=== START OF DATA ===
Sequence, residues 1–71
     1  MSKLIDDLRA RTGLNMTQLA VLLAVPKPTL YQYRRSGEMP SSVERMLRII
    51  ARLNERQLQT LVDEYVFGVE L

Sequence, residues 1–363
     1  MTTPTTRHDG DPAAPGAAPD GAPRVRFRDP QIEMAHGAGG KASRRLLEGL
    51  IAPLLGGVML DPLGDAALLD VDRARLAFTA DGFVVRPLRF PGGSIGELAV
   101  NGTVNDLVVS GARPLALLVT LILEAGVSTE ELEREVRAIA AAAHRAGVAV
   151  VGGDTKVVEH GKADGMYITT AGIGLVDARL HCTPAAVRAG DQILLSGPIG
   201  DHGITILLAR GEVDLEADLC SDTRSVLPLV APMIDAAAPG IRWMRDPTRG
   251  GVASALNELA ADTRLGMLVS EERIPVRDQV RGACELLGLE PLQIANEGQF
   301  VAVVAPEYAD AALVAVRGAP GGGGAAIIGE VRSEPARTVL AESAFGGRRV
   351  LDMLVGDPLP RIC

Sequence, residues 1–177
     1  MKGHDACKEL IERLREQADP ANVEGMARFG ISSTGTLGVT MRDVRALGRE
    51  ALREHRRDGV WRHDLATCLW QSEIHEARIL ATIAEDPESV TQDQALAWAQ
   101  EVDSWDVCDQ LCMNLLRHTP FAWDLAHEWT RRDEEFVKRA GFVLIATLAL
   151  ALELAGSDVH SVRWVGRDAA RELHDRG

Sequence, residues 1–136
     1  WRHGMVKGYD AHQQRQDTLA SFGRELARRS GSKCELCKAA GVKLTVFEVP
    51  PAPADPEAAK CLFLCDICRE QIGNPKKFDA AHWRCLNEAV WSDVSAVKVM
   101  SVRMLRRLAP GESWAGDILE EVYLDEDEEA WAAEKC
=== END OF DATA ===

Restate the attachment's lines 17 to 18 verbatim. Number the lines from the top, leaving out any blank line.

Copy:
   151  ALELAGSDVH SVRWVGRDAA RELHDRG

Sequence, residues 1–136